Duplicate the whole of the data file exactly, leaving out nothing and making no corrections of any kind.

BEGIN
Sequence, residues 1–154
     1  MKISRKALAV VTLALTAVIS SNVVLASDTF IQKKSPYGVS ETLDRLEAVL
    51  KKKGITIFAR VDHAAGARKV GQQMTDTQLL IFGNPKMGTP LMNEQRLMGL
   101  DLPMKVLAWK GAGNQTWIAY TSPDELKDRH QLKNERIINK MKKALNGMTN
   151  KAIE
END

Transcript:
Sequence, residues 1–154
     1  MKISRKALAV VTLALTAVIS SNVVLASDTF IQKKSPYGVS ETLDRLEAVL
    51  KKKGITIFAR VDHAAGARKV GQQMTDTQLL IFGNPKMGTP LMNEQRLMGL
   101  DLPMKVLAWK GAGNQTWIAY TSPDELKDRH QLKNERIINK MKKALNGMTN
   151  KAIE